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RESTful architecture for integration of government information?

Rickard �berg
Greenhorn

Joined: Jan 03, 2007
Posts: 5
Hi guys!

I have a REST-question which I think is sort of interesting. I live in a small country (Sweden) which has just released a report stating that we need to be able to centralize all information about an individuals interactions with the government, both in order to make the government handling more efficient, and also to allow citizens easy access to a complete list of the open queries/issues/etc., regardless of which government branch is responsible for handling it, through a web interface. The report includes a number with many zeroes as projected monetary gain if this is done.

As a developer I'm curious about how to construct an architecture to support this goal. We're talking 500+ gov. branches, with let's say 10 systems each, handling the information about 9M citizens in total. Basically the flow of information probably has to be something like this:
System->Branch->Centralized store->split by SSN->gov. branch or citizen who wants info about themselves

Each Branch is hence responsible for aggregating information from it's own internal Systems, which is then sent to a Centralized store. With all info in one place it is then reasonably easy to split by individual, and present it, using web/RSS/SMS/email/?.

To make things more interesting, the systems are very diverse in terms of how they are implemented (.Net/Java/C/whatever), and there is currently no common authentication/security infrastructure in place. There is also a shortage of consultants, so any architecture will have to be reasonably simple to deal with the fact that mostly "average" consultants, in a multitude of companies, will be implementing it (this is IMO what rules out any fancy WS-* approaches). Implementability is more important than technical excellence.

How would one go about making an architecture based on REST-ideas to support this scenario? Should it be push (SMTP?) or pull(HTTP)? How do you handle security/authentication? How do you handle the sheer volume of data? Can any current standards be applied (Atom, GData)? Is it at all possible?

Any ideas are most welcome. This is not a joke btw :-)

ps. The report (in Swedish) can be found here:
http://verva.se/web/t/Publication____4667.aspx
Leonard Richardson
author
Ranch Hand

Joined: Jun 08, 2007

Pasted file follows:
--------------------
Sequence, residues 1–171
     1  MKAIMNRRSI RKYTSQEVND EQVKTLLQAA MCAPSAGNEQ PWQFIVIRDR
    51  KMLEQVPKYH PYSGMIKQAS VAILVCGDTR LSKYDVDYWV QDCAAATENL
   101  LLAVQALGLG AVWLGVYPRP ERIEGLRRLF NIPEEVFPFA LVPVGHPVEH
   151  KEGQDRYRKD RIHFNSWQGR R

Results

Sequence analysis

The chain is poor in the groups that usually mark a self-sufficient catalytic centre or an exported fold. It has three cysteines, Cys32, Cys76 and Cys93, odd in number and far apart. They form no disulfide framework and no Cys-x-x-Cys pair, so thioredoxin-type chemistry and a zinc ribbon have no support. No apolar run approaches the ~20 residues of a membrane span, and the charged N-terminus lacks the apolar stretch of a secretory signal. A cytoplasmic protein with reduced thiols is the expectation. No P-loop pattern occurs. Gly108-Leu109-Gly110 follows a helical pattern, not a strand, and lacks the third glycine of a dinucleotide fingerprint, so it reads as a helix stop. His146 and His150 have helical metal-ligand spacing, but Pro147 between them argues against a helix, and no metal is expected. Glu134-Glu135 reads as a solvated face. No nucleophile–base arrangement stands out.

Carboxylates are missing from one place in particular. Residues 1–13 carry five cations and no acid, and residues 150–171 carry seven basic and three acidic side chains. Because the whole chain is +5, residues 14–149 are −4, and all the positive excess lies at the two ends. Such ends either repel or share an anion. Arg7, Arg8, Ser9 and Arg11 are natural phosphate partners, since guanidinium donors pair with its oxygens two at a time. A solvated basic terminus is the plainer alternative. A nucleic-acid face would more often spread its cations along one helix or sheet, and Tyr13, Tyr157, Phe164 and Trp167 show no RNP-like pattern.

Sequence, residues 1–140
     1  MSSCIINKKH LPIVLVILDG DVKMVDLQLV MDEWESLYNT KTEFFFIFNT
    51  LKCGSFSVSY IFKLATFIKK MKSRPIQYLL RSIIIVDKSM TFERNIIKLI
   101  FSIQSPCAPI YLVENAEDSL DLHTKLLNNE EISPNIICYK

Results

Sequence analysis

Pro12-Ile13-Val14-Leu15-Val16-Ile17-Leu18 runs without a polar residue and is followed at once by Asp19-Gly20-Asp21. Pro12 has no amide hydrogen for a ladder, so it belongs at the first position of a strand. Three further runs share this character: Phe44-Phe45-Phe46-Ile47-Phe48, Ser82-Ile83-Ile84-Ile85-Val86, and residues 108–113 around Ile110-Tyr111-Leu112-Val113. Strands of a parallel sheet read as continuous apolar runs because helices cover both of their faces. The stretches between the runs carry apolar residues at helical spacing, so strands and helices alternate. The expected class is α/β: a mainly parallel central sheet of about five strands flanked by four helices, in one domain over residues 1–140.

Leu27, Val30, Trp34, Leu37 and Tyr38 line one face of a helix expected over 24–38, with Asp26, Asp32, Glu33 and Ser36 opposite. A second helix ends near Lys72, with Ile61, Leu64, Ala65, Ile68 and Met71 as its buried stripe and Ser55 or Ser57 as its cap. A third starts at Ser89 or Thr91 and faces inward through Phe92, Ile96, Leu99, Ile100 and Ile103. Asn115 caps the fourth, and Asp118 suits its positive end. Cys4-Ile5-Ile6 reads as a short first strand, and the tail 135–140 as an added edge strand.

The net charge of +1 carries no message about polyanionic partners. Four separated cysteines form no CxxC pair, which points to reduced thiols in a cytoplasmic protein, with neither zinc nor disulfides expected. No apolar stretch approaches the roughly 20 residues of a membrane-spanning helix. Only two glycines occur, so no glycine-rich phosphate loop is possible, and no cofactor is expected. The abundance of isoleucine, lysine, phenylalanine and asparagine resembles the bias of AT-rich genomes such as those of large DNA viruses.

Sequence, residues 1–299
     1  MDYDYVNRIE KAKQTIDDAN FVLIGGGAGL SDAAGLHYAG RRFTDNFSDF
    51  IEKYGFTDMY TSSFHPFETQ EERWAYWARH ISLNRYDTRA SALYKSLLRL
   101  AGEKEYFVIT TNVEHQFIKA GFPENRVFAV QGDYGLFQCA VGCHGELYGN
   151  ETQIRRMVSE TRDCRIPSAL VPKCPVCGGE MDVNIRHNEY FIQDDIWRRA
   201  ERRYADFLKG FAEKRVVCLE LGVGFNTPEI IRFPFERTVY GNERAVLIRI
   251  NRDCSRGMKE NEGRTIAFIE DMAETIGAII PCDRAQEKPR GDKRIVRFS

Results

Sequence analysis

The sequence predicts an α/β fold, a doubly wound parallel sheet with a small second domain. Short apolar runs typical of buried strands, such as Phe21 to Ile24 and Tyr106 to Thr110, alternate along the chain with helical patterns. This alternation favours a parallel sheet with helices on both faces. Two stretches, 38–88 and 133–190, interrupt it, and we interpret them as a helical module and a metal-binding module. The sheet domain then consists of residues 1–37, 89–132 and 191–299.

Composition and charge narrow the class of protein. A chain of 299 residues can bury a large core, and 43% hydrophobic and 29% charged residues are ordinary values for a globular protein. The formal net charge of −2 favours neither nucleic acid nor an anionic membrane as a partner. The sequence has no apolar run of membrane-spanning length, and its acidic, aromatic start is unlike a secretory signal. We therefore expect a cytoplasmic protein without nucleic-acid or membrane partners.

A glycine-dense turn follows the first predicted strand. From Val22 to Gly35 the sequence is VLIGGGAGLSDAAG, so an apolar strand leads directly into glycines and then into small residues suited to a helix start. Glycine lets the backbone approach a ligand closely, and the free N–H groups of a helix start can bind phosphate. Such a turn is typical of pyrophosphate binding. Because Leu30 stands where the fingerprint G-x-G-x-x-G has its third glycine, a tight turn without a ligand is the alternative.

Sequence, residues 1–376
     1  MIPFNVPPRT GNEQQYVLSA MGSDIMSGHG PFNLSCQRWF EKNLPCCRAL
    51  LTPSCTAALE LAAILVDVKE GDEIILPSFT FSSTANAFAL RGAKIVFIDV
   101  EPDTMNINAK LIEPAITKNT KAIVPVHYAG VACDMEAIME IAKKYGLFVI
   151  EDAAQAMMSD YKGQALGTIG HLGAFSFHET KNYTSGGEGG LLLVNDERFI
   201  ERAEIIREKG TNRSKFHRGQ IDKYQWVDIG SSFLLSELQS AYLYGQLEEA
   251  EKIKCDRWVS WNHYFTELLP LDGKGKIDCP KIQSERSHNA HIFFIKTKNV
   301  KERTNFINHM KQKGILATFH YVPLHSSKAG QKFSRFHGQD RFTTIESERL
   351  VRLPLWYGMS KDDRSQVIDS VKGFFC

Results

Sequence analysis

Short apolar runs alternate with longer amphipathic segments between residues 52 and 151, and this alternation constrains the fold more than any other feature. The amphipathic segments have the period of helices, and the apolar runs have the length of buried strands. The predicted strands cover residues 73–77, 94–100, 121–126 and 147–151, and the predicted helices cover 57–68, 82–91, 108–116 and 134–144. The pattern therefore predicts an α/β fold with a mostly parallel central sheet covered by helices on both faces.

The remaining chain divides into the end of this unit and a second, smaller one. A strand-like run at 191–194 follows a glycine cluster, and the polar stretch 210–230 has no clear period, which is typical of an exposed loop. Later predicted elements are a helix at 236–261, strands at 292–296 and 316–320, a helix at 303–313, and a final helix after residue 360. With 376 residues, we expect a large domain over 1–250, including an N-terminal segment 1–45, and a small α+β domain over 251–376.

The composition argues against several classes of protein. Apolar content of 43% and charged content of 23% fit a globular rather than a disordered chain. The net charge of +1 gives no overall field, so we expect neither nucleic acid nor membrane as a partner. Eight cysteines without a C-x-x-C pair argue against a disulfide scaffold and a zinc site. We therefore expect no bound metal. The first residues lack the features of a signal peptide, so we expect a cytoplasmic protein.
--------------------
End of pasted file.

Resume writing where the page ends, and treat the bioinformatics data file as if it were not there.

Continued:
Posts: 37
Rickard,

This is a fun question. Here are some thoughts off the top of my
head. The workflow you describe sounds a lot like document publishing,
so something like the Atom Publishing Protocol might work. Each branch
would expose an APP collection to which its 10 systems would
post. After massaging the data as neccessary the branch would pass it
on to the central store, again using the APP. Citizens can then use
APP clients or feed readers to get information about themselves from
the central store. Email and web access would work off of the same
data store. I envision the system as a continuous rain of updates, but the central store can gather those updates by SSN and by query number.

Probably the most difficult part (technically and politically) will be
designing the data format to be used in the central store. The
individual systems won't need to care about the exact format, but all
the branches will need to agree on it, and all the systems will have
to output the appropriate data even if the format is different. The
format could be as simple as an Atom entry which has a textual
description and a few extension tags associating the entry with a
person, a government branch, and an open query.

The diversity of implementation languages won't be a problem. The lack
of common security infrastructure probably will be. The centralized
store, at least, will probably support a wide variety of
authentication mechanisms. You can do these as HTTP auth extensions,
but you'll need to create most of the extensions yourself. You may end
up porting some of the WS-Security authentication mechanisms to HTTP
auth extensions, the way username token was ported as WSSE. If so, it
would be nice to do those as an open standard so we all can build on
that work. Other authentication mechanisms may not correspond to
anything used publicly, and the govt. branches will have to hash it
out with the people minding the centralized store.

To handle the volume of data, I might extend the APP to support batch
operations--make it possible to POST an entire feed to a collection or
something. I'd also try to streamline the trip from system to branch